TJ Hoisington: No, you wouldn’t, naturally, no.

Dr. John Jaquish: No, you would never do that.

TJ Hoisington: Right.

Dr. John Jaquish: But you had two heavy things, you probably grab one and then grab the other one.

TJ Hoisington: Yeah, So, it’d be balanced, right.

Dr. John Jaquish: We’re going to try to carry on both. But when it comes to legs, the way people naturally train legs is wrong also, or in standard. Like squatting on two legs makes sense if you’re a kangaroo because they run on two legs at once. We run on one at a time. So, when I train legs, I do split squats. TJ Hoisington: Yeah.

Dr. John Jaquish: So, all my weight is on one leg. The other is, I’m on my back toe just for balance and then driving with one leg. And also keep in mind, how well can you do, driving all of your body’s resources to one quadricep and one glute over two quadriceps and two glutes? Do you think your body can do more with twice the resources in the given period? Of course, it can. So, yeah, I mean, you turn on one leg, but you use both arms.

TJ Hoisington: Got it. That’s a good distinction. I would have never thought about that. Because in my garage, I have a little fitness area. And I have the dumbbells. I have the Life Fitness or whatever it is dumbbells, and I’m thinking, I need to rethink some of this. So, just something to think about that by reading your book, I became aware of, let me say here, what I love about when I got into some of the X3 and action was this, you said, “As fellow frequent business travelers know all too well, it can be hard to stay on track nutritionally while on the road. And then that led me to get into elastic bands.” And then you had some research in there.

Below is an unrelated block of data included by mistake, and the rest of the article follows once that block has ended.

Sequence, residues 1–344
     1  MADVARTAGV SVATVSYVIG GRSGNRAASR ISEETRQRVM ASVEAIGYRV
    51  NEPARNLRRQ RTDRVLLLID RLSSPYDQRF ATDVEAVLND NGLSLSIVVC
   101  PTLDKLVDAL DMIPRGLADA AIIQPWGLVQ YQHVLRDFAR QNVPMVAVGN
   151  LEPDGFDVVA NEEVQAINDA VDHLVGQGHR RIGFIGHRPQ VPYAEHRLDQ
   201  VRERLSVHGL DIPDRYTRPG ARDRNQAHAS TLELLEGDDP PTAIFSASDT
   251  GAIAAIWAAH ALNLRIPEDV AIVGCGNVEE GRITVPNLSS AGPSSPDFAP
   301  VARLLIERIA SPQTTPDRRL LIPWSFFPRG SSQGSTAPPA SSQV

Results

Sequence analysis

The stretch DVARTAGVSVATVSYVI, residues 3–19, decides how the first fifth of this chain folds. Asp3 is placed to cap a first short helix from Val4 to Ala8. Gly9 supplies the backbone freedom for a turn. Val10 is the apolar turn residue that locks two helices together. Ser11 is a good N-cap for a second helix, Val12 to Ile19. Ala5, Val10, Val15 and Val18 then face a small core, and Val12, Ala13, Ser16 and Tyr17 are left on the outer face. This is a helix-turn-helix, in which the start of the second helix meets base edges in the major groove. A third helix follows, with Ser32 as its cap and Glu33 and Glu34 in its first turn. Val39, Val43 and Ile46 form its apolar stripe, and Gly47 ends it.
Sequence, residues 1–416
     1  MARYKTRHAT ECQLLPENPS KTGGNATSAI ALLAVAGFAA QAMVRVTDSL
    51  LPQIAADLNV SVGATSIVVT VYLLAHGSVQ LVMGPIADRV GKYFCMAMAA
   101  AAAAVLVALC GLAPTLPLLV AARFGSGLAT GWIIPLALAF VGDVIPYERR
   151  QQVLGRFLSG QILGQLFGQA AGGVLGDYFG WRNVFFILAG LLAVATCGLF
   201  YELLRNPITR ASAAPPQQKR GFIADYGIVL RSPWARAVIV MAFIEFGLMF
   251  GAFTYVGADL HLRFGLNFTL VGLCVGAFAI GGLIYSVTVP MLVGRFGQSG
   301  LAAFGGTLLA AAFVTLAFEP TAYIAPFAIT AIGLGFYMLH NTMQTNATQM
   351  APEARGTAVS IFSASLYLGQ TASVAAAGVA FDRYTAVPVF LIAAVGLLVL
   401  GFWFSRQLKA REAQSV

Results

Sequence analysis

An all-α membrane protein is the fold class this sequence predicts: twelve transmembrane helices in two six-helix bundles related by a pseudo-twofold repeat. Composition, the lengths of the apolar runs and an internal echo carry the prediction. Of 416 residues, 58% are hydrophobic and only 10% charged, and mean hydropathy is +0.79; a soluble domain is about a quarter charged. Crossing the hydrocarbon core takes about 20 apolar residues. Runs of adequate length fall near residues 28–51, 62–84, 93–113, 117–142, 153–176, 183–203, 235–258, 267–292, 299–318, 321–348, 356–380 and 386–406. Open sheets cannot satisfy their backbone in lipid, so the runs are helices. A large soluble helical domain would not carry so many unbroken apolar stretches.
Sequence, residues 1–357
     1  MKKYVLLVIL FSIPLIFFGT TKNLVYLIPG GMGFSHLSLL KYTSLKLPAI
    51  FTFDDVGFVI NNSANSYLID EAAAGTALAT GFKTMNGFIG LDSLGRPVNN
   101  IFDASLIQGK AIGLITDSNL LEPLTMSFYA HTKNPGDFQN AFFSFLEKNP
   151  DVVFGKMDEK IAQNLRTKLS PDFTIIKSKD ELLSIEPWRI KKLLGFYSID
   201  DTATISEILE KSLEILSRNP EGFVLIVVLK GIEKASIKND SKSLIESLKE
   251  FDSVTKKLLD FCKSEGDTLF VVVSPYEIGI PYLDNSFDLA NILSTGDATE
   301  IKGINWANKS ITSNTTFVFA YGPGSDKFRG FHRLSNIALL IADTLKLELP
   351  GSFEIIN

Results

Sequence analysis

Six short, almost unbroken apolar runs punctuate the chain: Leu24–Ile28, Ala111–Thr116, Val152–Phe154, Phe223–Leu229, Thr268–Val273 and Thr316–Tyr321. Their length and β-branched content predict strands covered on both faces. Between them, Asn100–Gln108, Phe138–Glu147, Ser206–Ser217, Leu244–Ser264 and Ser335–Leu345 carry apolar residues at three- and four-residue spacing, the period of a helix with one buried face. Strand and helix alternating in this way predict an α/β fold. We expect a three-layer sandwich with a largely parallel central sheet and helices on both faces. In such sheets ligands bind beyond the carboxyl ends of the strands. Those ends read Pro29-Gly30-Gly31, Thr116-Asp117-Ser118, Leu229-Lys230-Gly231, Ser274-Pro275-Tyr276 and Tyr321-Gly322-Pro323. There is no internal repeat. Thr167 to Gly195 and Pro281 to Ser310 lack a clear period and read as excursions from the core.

TJ Hoisington: You said the effects of variable resistance on the maximum strength and power were tested using division one football players. Here, volunteers from Robert Morris University were divided into three groups, one training with elastic bands, another with weighted chains, and the last using a traditional bench press. Each participant did a speed bench press and one-repetition maximum test pre and post-experiment.

TJ Hoisington: After seven weeks, the group’s training with elastic bands and weighted chains, the athletes exercising with variable resistance showed greater improvements than the ones working out on conventional weight lifting equipment.

Dr. John Jaquish: That’s right. Yeah, there are 16 studies like that. You read from just one.

TJ Hoisington: Got it.

Dr. John Jaquish: Yeah. There’s even one that says the greater the ratio of variance, some of the studies that you have X at the bottom, and then you have 1.2X at the top.

TJ Hoisington: Got it.

Dr. John Jaquish: Well, when we do it, it’s more like X at the bottom and 5X at the top.

TJ Hoisington: Oh, okay, with your bands, your elastic bands, and so forth. Dr. John Jaquish: Not elastic bands. Elastic bands are junk. Ours are latex, very powerful.

TJ Hoisington: Okay.

Dr. John Jaquish: So, when I do a chest press, I’m totaling 550 pounds at the top.

TJ Hoisington: Wow.

Dr. John Jaquish: Right. So, the band thing you get at Walmart-